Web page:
University of Delaware - College of Engineering
COMPUTER & INFORMATION SCIENCES

Research

Laboratories - Software Engineering

Learn about Software Engineering Research


Software Analysis and Compilation Laboratory

213 Smith Hall, Professor Lori Pollock.

Our research focuses on program analysis to automate and semi-automate tedious and error-prone tasks typically performed by software engineers, testers, and scientists. Current research projects include applying natural language processing techniques to perform textual analysis of software artifacts and using that information for automatically generating documentation from source code, improving code search and feature location, and improving other software maintenance tools. We are also investigating various aspects of green software engineering to enable software designers to make energy-conscious design decisions. In software testing, we are developing techniques to automatically generate tests for web applications. Other projects focus on optimizing compilers for modern parallel architectures.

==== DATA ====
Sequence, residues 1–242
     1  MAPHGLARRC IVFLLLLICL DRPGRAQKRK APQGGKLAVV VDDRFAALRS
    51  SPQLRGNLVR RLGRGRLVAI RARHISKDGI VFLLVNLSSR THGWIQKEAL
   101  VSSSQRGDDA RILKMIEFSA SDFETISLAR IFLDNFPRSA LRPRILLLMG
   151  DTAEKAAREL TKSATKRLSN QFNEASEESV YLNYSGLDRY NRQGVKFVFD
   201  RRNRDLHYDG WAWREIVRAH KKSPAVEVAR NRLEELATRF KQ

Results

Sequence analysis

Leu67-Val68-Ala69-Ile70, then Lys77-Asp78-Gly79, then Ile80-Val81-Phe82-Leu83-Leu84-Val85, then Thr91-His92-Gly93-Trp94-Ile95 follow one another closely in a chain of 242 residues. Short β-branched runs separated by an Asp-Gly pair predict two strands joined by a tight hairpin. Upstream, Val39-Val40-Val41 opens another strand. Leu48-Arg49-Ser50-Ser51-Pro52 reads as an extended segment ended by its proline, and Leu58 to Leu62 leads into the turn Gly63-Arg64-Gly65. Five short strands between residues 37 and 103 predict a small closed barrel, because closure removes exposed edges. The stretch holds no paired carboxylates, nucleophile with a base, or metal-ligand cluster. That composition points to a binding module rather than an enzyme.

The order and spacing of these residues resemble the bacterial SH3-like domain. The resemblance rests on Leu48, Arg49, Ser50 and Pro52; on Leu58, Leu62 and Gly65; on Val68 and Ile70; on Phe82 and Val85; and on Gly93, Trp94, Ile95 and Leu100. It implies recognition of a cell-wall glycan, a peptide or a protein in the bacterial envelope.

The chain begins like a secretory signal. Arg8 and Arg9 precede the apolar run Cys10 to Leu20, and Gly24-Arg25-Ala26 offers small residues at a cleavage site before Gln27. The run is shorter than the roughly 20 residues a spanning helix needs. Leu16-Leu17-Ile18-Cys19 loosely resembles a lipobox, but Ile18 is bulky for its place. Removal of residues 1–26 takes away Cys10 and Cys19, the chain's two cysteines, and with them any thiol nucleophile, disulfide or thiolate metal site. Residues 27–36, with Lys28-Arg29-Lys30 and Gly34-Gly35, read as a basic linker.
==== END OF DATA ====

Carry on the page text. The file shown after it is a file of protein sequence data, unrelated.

Program Analysis and Debugging Laboratory

429 Smith Hall, Professor James (Jim) Clause.

This research group focuses on developing tools and techniques to improve software quality by simplifying the detection and debugging of software faults. Current projects include investigating how dynamic tainting can be used to help guide developers in fixing common programming mistakes such as memory leaks and other types of failures. The group is also investigating how information can be safely and efficiently collected from software users and how such information can be used to improve the software development process.

Verified Software Laboratory

421 Smith Hall, Professor Stephen Siegel.

The VSL conducts research into one of the most important problems in Software Engineering: how to develop verifiably correct complex software systems. Currently, the VSL is focusing on parallel programs used for scientific computation and is developing tools that can find defects in these programs or establish their correctness. These tools are based on techniques from logic, compiler theory, symbolic computation, and model checking.

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